Yerushalmi tells us that Jewish history was not written from the time that the Bible was canonized until the emergence of the Wissenschaft school in the mid-19th century Germany.
It is not that Jewish scholars were not interested in the past. They were! Indeed, the injunction “Zakhor” (Remember) has always been a Jewish preoccupation. Yet, the rabbis did not write “history” in the ways that we—in our class, and in the American academy--think of history. Yerushalmi tells us that they spoke and wrote of events in the past, but did not see it necessary to narrate those stories in chronological sequence. Instead, they played with Time, “as though with an accordion, expanding and collapsing it at will” (p.17). (Remember Moses’ presence in Rabbi Akiva’s classroom). And in cases when the rabbis did tell of the past in chronological sequence – the particularities of the events under discussion did not hold importance.
Here is an essay a university student today might be asked to address: Describe the economic, political and cultural events that led to the vanquish of Jewish independence in 586 BCE (at the hands of the Babylonians) and in 70 CE (at the hands of the Romans). How do they compare?
For the rabbis, these socio-political details were of no interest. The two events were both commemorated on the 9th day of Av, and it was the moral messages--which can be read as one and the same for both events--which were seen as most relevant.
Rabbi Nahman (whose words were preserved in the seventh-century text Vayikra Rabba) took this same approach in his interpretation of Jacob’s dream. The angles who appeared in the dream were the rulers of various kingdoms: the Babylonians, the Persians, the Greeks, and the Romans. Just as each rose up and came to rule over the Jews, each eventually came down. Fear thou no, O Jacob my servant, God told the patriarch upon his awakening (p.22). This message continued to resonate for Jews across the generations – Yerushalmi tells us. The particular socio-political causes for rise and fall of each kingdom were of no interest to the rabbis. Each historical epoch was collapsed into the previous. Indeed all the eras bled into a single story, embedded within the Biblical narrative itself.
Moving forward in time – from the Rabbinic period to the Middle Ages—Yerushalmi contends that Jews still did not write “history” the way we know it today.
He points to several works which people have argued are “histories” but he discredits each one. The works, for example, that provided a chronological survey of the transmission of rabbinic law are not really, “histories.” Why? Because they “did not come into being out of a desire to write or interpret the history of the Jewish people.” Rather, they were composed as a means to “refute those heretics from within and adversaries from without who denied the validity of the Oral Law.” (p.32) In other words, they are not really “histories” because they are polemical in nature, written with particular agendas in mind.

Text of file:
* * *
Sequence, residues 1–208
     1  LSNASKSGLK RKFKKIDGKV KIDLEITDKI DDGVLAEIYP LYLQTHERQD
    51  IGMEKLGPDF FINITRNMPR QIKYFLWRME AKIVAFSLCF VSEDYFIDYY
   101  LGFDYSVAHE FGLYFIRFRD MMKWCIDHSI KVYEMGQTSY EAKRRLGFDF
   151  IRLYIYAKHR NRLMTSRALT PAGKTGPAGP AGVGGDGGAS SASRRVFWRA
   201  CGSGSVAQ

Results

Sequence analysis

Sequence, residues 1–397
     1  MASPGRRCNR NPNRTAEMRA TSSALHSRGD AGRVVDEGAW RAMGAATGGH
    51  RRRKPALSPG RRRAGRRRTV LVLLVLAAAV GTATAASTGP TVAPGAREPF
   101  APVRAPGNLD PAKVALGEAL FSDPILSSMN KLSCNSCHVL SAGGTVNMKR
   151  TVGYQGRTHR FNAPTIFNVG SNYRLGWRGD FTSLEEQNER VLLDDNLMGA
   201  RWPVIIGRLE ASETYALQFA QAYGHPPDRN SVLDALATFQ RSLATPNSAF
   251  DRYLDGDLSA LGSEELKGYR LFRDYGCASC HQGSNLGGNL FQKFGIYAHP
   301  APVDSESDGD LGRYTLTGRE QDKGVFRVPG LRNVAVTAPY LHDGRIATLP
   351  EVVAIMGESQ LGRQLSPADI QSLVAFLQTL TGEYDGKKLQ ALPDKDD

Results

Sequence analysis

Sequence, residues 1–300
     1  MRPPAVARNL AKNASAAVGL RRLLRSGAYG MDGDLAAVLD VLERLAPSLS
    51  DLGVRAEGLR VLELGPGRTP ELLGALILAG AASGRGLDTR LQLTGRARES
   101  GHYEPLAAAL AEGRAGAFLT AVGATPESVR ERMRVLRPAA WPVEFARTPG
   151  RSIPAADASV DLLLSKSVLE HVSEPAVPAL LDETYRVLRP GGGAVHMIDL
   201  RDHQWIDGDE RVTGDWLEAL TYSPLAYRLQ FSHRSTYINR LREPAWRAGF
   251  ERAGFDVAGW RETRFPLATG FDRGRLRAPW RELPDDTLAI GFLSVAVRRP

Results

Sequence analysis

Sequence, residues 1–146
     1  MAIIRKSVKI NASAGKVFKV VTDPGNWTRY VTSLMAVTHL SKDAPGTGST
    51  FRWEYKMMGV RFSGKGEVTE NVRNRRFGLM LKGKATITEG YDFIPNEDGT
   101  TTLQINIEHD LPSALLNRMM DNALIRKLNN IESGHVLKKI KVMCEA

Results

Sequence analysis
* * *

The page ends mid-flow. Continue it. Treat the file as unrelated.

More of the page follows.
I think this is where Yerushalmi’s argument begins to get murky. He is suggesting, that there is such as thing as “pure” “unadulterated” history, which is motivated only by the desire to reconstruct the past, nothing more.
In contrast to history stands “memory.” If history is un-invested, dispassionate, and purely intellectually motivated; memory is the opposite. It is invested and emotional. It is evoked through experience – through the foods eaten at the Passover seder, through the mournful chanting of Lamentations on the 9th of Av, through the act of sitting in huts on Sukkot.
I do not believe the divide between history and memory is as strong as Yerushalmi suggests. Indeed, the Me’ah classroom defies this strict dichotomy. We study in an intellectual fashion, reading works produced in the American academy. Yet, we also learn and discuss together in the synagogue, and as a community. We analyze, but we also sing. In the space where we gather, there is room for both of these ways of engaging with the past.
At the end of his book, Yerushalmi mourns the erosion of Jewish group memory. Prior to the modern era, Jews constituted a cohesive community, knit together through their shared faith and through “an entire complex of interlocking social and religious institutions.” Bound together, they were able to transmit a common collective memory from one generation to the next.
This transmission eroded in the modern era. And now, who can step in to repair the breach?—he asks. Not the historian. She cannot heal the wounds that have been left in the wake of the rupture of community, faith and memory. Jews today who are in search of a past “patently do not want the past” that the historian offers - Yerushalmi explains.
So what is the solution? Is there any way in which the study of the past amongst those who have “fallen” out from under Judaism’s collective sacred canopy can serve as a comfort or a salve? Sadly, Yerushalmi tells us that he has no “catalogue of remedies.” Perhaps he would have been pleased, though, to come upon a Me’ah classroom; a place in which we build community in the present through the common study of the past.